[China is the first Asian nation without an American occupation force to host the Olympics, an important fact consistently ignored by the CBC. Seoul and Tokyo are the Asian Olympic host cities still under occupation. That this is not a negligible issue is clear from the following article from Hiroshima.
That the presence of American bases is not a negligible issue elsewhere is clear from the growing No Bases movement here =>. -jlt]
Carrier aircraft began using Atsugi in 1973, when the Midway made nearby Yokosuka its home port. The carrier is the key to the offensive power of the U.S. Seventh Fleet in the Pacific. In order to control the airspace around the carrier and be ready to conduct aerial assaults of enemy territory, the fighter planes engage in constant intense training.
As part of the reorganization of American military forces in the Pacific, the United States military will relocated 59 carrier jets to the Marine Air Corp Station near Iwakuni in central Japan from the Naval Air Facility at Atsugi near Yokohama. For 35 years, Atsugi has fulfilled a leading role in the worldwide strategy of the American superpower. How have the citizens of Atsugi dealt with the din of fighter planes and what is the nature of their relationship with the base? To understand what the future may have in store for Iwakuni, we decided to closely examine the situation in Atsugi.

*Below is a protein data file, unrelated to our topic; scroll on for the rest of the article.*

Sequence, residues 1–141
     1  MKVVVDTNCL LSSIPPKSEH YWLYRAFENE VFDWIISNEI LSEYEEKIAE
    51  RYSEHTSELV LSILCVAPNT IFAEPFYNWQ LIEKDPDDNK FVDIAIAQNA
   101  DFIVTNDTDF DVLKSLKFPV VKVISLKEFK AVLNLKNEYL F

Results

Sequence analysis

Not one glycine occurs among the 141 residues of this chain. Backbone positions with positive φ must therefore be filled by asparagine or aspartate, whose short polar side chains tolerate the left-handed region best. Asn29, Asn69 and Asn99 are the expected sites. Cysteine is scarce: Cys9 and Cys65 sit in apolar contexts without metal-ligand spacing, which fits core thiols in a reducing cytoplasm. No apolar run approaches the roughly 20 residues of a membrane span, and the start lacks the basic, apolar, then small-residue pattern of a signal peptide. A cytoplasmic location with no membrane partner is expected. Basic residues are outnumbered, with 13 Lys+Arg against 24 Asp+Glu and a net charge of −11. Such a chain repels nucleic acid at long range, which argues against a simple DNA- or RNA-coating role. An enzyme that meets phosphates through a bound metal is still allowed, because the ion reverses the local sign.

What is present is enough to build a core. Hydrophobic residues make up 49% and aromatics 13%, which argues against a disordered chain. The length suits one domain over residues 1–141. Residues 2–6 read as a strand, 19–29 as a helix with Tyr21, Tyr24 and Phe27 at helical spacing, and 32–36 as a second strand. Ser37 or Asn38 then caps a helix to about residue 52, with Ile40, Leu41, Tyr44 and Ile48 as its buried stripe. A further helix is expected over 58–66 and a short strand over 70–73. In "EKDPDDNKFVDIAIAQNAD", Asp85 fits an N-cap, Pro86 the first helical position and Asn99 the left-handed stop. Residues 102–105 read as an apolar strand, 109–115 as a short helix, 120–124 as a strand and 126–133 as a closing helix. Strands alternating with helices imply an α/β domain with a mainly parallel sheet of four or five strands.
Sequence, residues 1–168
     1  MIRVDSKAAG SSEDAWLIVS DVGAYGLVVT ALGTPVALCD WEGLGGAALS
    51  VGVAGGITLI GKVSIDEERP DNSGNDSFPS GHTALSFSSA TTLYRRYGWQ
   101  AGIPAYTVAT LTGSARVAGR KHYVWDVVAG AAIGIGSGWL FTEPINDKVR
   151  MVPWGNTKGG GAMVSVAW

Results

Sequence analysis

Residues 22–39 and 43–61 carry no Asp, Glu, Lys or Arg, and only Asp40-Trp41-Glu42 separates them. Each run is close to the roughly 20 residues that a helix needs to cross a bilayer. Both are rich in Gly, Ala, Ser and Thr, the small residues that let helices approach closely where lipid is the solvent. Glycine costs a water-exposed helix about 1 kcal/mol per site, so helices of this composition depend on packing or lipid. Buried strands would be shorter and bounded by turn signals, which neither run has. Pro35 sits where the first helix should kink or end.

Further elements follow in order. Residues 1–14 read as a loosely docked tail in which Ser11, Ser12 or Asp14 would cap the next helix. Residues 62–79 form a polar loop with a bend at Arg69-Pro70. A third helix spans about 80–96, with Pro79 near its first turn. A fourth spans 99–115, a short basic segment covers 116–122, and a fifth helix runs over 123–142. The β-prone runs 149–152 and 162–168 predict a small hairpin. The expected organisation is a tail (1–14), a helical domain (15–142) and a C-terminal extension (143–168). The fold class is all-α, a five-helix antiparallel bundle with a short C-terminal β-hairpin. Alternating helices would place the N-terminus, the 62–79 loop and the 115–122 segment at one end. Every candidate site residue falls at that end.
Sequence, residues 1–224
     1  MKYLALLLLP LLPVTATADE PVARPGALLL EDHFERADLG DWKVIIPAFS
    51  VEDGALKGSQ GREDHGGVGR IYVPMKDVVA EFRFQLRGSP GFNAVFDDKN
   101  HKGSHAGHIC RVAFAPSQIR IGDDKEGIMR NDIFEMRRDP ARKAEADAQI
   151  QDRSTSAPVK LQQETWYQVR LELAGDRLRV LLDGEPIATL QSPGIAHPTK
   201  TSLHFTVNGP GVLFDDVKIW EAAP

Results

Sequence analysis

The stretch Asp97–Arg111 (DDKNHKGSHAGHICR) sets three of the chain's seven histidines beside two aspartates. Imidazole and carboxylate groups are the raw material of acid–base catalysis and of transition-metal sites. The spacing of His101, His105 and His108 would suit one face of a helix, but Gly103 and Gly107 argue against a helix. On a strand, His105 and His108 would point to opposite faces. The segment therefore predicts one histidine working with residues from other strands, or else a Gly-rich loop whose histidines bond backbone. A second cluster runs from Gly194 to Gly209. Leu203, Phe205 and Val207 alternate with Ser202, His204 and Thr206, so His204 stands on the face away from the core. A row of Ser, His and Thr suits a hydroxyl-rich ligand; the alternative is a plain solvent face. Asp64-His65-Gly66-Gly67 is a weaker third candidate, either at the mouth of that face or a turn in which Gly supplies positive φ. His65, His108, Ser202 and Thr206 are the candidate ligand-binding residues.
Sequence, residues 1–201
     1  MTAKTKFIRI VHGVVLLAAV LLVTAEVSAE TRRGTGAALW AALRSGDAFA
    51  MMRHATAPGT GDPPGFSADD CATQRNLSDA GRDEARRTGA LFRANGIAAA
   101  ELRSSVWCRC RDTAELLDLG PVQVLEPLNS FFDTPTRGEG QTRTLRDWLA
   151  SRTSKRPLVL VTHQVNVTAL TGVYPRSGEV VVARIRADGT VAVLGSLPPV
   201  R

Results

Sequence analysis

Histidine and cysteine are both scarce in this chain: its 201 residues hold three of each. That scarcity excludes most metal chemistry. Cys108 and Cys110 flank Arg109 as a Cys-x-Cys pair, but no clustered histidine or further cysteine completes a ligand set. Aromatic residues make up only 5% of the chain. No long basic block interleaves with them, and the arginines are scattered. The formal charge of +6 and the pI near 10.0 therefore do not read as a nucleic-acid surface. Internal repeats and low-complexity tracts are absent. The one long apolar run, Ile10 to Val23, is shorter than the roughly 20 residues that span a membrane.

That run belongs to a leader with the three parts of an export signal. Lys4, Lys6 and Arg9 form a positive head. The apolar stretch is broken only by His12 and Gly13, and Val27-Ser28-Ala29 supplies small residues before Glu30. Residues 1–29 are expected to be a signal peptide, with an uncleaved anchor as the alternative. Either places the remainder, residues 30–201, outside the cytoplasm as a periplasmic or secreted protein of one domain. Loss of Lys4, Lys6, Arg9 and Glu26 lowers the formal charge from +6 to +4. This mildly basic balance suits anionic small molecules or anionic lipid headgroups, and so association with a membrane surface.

One evening we stood directly below the flight path taken by the Atsugi carrier jets in the city of Yamato. The tremendous clamor of the jets caused the street lights to dim slightly as they passed overhead. One resident observed that “Today’s noise is quieter than usual.” People passing by hurried along their way as if they were not the least surprised by the roar.
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